And who exactly is the character on stage?, I ask. “It’s me, really, but he’s more extreme. He says things that I wouldn’t say, because he’s emboldened. He also never thinks that a gig going wrong is his fault; the problem is that the audience don’t understand it, or whatever.”

Lee is quick to underscore the ‘knowing’ aspect to his comic creation: “I am aware that it’s ridiculous for a successful man to be petty-minded about people who he feels have slighted him. It’s a joke. The difference is that a lot of stand-ups are working in one dimension. They are supposed to be a power figure. I am too but I also invite you to find me ridiculous, misguided, petty-minded, mean-spirited […] It’s one dimension more than most stand-ups.”

Lee’s pathetic, British anti-hero is arguably more nuanced than that. His smirks at the camera, acknowledging the comic artifice. In his work for TV, Lee plays off the studio audience against the home audience, exploiting the fact that he is simultaneously playing the same character to two separate audiences.

Paul Nuttals of the UKIPsBad Bern

Lee’s satire couldn’t be more different from the straight-talking American late night equivalent. So why hasn’t the BBC sponsored a renaissance of political satire?

“It’s not going to happen,” Lee continues. “They can have as many Geoff Norcotts [a pro-Brexit and Conservative stand-up] on-air as they want, the Government is not going to say ‘Oh, well done! You hosted Geoff Norcott on the News Quiz, so we’re not going to destroy you’. They’re going to destroy [the BBC] anyway.”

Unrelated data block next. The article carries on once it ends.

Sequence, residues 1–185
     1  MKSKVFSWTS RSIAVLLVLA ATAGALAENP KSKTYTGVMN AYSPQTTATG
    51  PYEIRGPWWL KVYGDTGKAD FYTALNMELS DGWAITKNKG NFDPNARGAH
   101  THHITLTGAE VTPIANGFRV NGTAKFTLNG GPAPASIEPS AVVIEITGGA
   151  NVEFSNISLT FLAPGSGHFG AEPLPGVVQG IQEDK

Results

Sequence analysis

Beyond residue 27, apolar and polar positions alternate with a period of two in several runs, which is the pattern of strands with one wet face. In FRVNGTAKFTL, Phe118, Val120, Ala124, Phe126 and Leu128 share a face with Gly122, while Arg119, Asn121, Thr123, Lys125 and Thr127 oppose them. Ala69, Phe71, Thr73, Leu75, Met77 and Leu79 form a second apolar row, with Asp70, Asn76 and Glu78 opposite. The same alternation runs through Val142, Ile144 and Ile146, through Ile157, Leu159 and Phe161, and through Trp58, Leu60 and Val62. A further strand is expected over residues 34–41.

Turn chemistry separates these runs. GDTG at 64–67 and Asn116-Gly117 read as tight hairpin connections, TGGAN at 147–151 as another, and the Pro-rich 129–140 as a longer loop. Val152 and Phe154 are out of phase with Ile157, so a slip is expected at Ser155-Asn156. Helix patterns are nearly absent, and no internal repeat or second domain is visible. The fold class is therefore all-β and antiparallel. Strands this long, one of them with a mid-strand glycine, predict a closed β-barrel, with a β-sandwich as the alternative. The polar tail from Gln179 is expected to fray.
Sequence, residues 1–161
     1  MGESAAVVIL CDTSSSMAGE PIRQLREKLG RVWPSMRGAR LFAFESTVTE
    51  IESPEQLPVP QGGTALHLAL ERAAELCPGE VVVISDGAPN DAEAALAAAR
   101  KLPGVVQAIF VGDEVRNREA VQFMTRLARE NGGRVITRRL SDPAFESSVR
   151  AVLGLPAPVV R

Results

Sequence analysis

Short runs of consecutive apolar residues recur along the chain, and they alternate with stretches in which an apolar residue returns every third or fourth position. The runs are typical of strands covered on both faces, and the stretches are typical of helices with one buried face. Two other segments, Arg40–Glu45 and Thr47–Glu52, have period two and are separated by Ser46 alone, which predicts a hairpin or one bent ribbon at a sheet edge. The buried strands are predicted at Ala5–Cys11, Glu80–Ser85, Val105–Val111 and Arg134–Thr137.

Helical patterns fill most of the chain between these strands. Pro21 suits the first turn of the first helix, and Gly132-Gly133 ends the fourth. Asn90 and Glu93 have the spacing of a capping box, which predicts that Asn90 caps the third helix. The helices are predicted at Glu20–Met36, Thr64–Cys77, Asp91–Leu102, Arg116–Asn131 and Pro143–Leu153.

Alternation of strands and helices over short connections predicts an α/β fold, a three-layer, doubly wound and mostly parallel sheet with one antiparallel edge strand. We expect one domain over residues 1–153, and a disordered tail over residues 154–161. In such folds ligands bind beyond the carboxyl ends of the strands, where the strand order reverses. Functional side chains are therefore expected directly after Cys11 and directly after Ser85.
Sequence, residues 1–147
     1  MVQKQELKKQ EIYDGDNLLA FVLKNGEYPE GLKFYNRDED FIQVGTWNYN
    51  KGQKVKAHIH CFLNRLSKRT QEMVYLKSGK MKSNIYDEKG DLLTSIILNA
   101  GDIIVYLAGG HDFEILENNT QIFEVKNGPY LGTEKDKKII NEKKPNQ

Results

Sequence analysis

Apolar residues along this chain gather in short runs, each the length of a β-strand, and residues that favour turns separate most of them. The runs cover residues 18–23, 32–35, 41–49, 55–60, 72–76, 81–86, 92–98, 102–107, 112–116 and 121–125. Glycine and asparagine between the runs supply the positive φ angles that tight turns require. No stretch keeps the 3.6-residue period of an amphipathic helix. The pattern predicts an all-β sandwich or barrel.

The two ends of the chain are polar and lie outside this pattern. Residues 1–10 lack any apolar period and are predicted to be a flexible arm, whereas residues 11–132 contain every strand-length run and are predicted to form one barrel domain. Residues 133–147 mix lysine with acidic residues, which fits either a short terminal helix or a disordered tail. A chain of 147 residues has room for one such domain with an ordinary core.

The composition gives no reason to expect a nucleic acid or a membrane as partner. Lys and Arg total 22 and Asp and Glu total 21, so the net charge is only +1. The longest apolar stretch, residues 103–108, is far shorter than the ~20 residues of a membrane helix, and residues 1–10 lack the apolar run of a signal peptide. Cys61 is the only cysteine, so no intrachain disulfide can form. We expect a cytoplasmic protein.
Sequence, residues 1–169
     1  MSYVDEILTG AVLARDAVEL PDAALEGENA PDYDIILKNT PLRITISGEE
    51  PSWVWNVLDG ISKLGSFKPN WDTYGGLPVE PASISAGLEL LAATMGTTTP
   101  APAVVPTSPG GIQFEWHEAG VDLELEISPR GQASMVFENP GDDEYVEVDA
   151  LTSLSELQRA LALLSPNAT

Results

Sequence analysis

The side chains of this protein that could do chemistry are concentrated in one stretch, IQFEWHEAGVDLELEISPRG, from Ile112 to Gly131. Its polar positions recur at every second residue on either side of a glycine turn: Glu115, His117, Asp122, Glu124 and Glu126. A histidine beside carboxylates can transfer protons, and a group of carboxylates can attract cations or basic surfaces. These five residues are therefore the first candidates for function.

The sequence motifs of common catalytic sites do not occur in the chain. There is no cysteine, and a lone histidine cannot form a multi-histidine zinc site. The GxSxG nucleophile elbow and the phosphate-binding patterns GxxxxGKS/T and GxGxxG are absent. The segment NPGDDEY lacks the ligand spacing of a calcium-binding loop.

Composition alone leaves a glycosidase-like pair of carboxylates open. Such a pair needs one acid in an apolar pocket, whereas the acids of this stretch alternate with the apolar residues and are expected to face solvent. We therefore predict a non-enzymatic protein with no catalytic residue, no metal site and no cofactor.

“From a commercial point of view, production companies are thinking, ‘Quick, let’s make some satire!’ But the problem is…”

He lets out an exasperated sigh. “The talent is out there, but they haven’t connected with it because they’ve been making stupid panel shows for years.”

Despite studying English at St. Edmund Hall, Oxford, Lee is damning about the political cynicism Oxbridge can instill in some students.

“I think that Oxford and Cambridge are to blame for a lot of this. Both of them have these debating societies, like the Cambridge Union, where politics is an intellectual game for young men – it’s normally young men – to sort of outwit each other. It’s not about the ethics or the morality; it’s about the combative sport of debate.”

“And then [the politicians] walk away from it. A plane crashes, and they just walk out of it.”

Returning to comedy, I ask which comedians he would currently recommend.

Lee with long-time collaborator, Richard Herringstewart_lee_appreciation

“Most comedians think Daniel Kitson is the best. Josie Long and Nish Kumar are both really good at the moment.”

“One of the sad things about being better known is that it’s more difficult to go to see things; your presence in a room creates a problem. People don’t like to be on a bill with me sometimes because they say the people who come to see me are very judgemental of the other acts.”

“Don’t know where they got that one from,” I interject.

“Well, yeah…” A curling, wry smile lights up his expression. Stewart scratches an unshaven chin and adjusts his leather biker jacket. His trademark suit is hanging in the wardrobe: the interview is over, and the show is about to begin.

Stewart Lee is touring nationally till March 2018. More details can be found at http://www.stewartlee.co.uk/live-dates/